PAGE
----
I absolutely agree and we’ve done pretty well over the years for it, which is great. It’s really exciting to see how we’re now starting to branch out into different languages and so on like that and dealing with the localization issue and so on and so forth. A lot of staffers want to get to that phase. When you were talking about the. Adopting InTech and constantly reinventing the product or adopting it, some people will still want it. When I worked in startups, one of the difficulties we had was how much of the resources and time to be put into the engineering side of things and then sales, marketing. And how do you start to figure out when you very limited how to balance those two? Which one deserves more time? Where do you, like, stop focusing on product so much, maybe put more money into marketing of it? How did you deal with that issue as it came up? Well, we made it this was one of our really big mistakes we made. And I think it’s maybe useful. We before we really got into scale up mode, we started hiring sales and marketing people at a pretty rapid clip. And I think that’s part of the reason is I’m a sales and marketing person by background. Most of these tech companies have become great or not run by someone with the sales and marketing background. They’re actually run by product people and so I think I jumped the gun, started hiring, sales and marketing people to quickly hitting the gas and sales marketing too quickly when we hadn’t sort of really started up the product market fit in the value we provided to customers. And I think that cost us I think it cost us I think it cost us some time and a lot of money and a lot of market cap.
By doing that, we wasted way too much money. My advice would be keep it really product engineering, get to product market fit, get those early customers, maybe hire one or two salespeople and get some marketing going, get the marketing going earlier than the sales. And then once you start to get that machine working and you’re pretty sure you could stick a dollar in and get three, four or five dollars an hour, you can you can get that ATM go, then pour on the gas with sales and marketing and add them quickly and scale them up as quickly as you can without breaking the business. We started too early, but luckily survived. So one of the things that you mentioned in a great article you wrote for Rethink was being sometimes described as a chief pothole prevention officer and by a panel, you meant something similar to this where this could have swallowed you whole, could have taken over. Another one you got into was something that we in the embed methodology, we talked a lot about the persona and targeting. How did being unfocused on a persona also be quite a big part of look at us, all of us? How did you end up deciding to focus on that single Marimo through monetization, persona or strategy? Sure. The Chief Power Prevention Officer is very true. Still am the chief prevention officer and at scale. Here’s the thing at scale. You have to get almost everything right almost all the time. No pressure because everything kind of it’s together and I’ll give you an example. You know, your support organization, so we have a support organization and we want to answer every call within 60 seconds, give dynamite support if you’ve got some product issues, your Russia products or market or did something on the product side, those supporting issues can really know people can wait a long time that we don’t want them to say, wait five, six minutes for the call.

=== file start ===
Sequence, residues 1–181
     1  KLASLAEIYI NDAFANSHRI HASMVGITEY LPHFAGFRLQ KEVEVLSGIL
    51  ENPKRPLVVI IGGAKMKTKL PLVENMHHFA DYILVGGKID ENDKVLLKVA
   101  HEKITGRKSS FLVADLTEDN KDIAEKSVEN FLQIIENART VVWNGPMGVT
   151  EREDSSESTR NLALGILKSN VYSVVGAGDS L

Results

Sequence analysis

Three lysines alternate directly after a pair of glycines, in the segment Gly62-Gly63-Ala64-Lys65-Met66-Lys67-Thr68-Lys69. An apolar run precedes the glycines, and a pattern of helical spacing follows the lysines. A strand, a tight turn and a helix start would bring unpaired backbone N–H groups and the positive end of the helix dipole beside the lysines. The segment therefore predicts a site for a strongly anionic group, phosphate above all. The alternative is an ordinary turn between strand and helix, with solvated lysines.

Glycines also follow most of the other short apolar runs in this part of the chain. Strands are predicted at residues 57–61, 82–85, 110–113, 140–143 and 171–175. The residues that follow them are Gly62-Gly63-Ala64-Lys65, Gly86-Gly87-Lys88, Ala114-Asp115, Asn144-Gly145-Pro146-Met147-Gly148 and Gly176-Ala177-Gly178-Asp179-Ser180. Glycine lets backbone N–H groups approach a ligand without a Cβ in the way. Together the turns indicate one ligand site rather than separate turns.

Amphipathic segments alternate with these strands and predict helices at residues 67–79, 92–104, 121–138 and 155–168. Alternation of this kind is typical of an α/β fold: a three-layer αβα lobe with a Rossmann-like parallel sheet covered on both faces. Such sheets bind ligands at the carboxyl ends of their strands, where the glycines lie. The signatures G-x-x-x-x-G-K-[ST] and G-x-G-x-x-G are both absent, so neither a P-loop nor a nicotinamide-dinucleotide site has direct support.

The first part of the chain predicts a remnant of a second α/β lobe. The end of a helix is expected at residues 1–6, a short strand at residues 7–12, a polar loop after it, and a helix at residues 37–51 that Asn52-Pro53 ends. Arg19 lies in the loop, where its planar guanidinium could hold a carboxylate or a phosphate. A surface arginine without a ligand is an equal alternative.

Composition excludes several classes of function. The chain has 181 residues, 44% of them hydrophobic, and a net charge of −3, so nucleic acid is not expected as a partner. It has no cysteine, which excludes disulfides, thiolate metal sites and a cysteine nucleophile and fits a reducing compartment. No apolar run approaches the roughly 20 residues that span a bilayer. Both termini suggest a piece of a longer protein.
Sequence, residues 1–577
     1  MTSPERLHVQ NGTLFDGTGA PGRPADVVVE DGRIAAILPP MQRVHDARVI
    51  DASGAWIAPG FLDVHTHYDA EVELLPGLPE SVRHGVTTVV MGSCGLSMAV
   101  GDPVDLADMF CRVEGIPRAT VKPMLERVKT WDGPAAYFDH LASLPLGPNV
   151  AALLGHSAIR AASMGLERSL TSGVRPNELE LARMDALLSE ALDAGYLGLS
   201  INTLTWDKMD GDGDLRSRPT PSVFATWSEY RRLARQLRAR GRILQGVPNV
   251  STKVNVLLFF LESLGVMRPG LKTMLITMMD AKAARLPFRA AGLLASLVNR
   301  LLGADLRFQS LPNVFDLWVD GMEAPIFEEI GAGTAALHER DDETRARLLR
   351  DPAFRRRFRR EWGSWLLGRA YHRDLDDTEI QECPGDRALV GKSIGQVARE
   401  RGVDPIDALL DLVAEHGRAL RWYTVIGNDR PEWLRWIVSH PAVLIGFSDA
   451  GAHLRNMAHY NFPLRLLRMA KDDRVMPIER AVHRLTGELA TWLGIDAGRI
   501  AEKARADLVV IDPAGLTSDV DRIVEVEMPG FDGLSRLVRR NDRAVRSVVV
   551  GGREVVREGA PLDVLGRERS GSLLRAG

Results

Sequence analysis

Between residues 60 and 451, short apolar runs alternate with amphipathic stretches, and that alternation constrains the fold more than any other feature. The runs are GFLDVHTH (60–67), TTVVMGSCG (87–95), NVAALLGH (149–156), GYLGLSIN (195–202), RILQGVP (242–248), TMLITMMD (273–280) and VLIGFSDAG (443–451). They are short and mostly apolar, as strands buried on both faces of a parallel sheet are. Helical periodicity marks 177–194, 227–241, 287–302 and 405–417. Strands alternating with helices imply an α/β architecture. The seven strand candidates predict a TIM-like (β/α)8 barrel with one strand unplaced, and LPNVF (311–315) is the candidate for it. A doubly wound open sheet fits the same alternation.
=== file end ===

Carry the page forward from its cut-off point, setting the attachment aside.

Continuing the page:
Organizing Your Business
They’ll hang up on the call and then they’ll call their sales rep and they’ll start asking their sales reps technical questions. And guess what? Sales reps stink and asking answering technical questions. And then then the sales rep just points them back to support. So you have this negative flywheel essentially that happens where maybe you release the product wasn’t quite right. You didn’t roll it back quickly enough. Support backs up. People are relatively unhappy. When the support backs up, then they’re calling the sales reps. Sales reps aren’t selling right. And then they’re back and support back and support back up. And you can be a negative. You kind of have to have all the pieces of the organization operating at nearly full speed nearly all the time because everything is so wired together in scale up mode. And so you’ve got to be super vigilant about looking for, I call them little cracks in the pavement. If you can find a little crack in the pavement, you let them go, particularly in Boston, rain, sleet, snow. The next thing you know, your giant sinkhole that will swallow your whole goddamn company up. And so I try to find them early and patch them off. Right. So that’s the one of the things that it becomes systemic in every part of the organization becomes damaged by this, something as simple as not getting to those support calls on time and is super cliche, but you’re only as strong as your weakest link. If you’re bad at marketing, rip through the whole funnel. If you’re bad at support or rip through the other way, everything is completely tied together. This is our time together. It’s I guess, yeah. A lot would have thought that. Well, the product is critical of itself.